Today, I am going to ask you to do the impossible. Then, I will equip you to do the impossible.
How many online accounts do you have, total? That you have ever set up at any point now or in the past? Now, how many separate passwords do you have stored in your brain right now that you know? If there is any discrepancy between those two numbers it represents a risk. Why is this?
Every day countless cybercriminals are trying to break into password databases of any website imaginable: email, social media, shopping, banking, news, gaming — the list goes on. Now, we expect the highest level of encryption and security from our online banking service providers, but do we have that same level of trust for our local newspaper’s website? It is almost certain that at least a few of your various online accounts store your passwords using weak security, or worse, just plain text.
Once hackers compromise a password database, they will take those credentials and try them in other places, just trying to get a match. Therein lies the danger of password reuse. If even one of your passwords is shared across more than one web service, it is like having the same key that opens your home, business, car and safety deposit box. If even one of those keys falls into the wrong hands, it’s game over for your personal safety and security.
So, you must do the impossible: as many online accounts as you have, whether it is a dozen or several hundred, you must use a different password for each. Simply appending the letters “FB” for Facebook and “WF” for Wells Fargo is not sufficient to confuse a motivated attacker. They must be completely unique, which becomes more difficult as the number of online accounts climbs.
You need a big key ring for all those unique keys and fortunately, a password manager can do that for you, without the jingling. Services like LastPass, Keeper and Bitwarden exist to create, remember and auto-fill complex, unique passwords for every web service you use. A password manager will take the stress and frustration out of regular password changes while giving you extra brain space and eventually hours of your life back.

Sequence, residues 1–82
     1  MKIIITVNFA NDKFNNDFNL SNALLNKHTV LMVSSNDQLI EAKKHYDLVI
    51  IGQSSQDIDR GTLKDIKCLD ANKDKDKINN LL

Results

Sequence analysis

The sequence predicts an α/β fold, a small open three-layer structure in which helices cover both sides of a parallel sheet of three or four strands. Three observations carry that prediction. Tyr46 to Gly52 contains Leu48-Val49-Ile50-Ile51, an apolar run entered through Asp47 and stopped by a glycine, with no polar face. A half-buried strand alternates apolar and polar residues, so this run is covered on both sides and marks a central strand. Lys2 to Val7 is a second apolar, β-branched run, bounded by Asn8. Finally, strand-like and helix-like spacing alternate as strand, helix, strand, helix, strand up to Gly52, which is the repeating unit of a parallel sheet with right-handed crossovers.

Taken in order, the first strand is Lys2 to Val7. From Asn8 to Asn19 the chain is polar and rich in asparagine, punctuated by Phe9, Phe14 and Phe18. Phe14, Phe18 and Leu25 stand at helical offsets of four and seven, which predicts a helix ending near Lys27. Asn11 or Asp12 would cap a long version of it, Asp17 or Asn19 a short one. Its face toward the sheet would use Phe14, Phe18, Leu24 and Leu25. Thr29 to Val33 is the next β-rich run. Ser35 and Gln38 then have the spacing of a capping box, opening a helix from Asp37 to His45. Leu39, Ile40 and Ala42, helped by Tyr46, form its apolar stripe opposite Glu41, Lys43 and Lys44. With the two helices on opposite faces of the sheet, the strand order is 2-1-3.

A common objection to using a password manager is the risk of that company getting breached; then, the crooks have the “keys to the kingdom” for all their users. But it’s much less likely for a company whose sole purpose is security to be breached since their business model depends on them having the proper controls and protections in place. As long as you secure your account with a good passphrase, such as “Warpfactor7,engage,” this reduces the chances of your password being cracked. Also, make sure to turn on multifactor authentication for the password manager (and any other service you have that supports it). If the database is breached, the bad guys still can’t get into your account without your one-time code. Taking that step alone will help you sleep better at night.
The front-end work to transition yourself into a password manager is the biggest expense, but the ROI for your security posture is tremendous. Secure yourself or your whole company with strong passwords and multifactor authentication wherever possible, and attackers will be moving on to easier targets.
Chris Tuzeneu, C|EH CISA, serves as systems administrator for Bankers’ Bank of the West and as an IT auditor and ethical hacker for CivITas Bank Solutions, a Bankers’ Bank of the West Bancorp, Inc. company, which exists to help community banks with IT and information security needs. You can reach him at firstname.lastname@example.org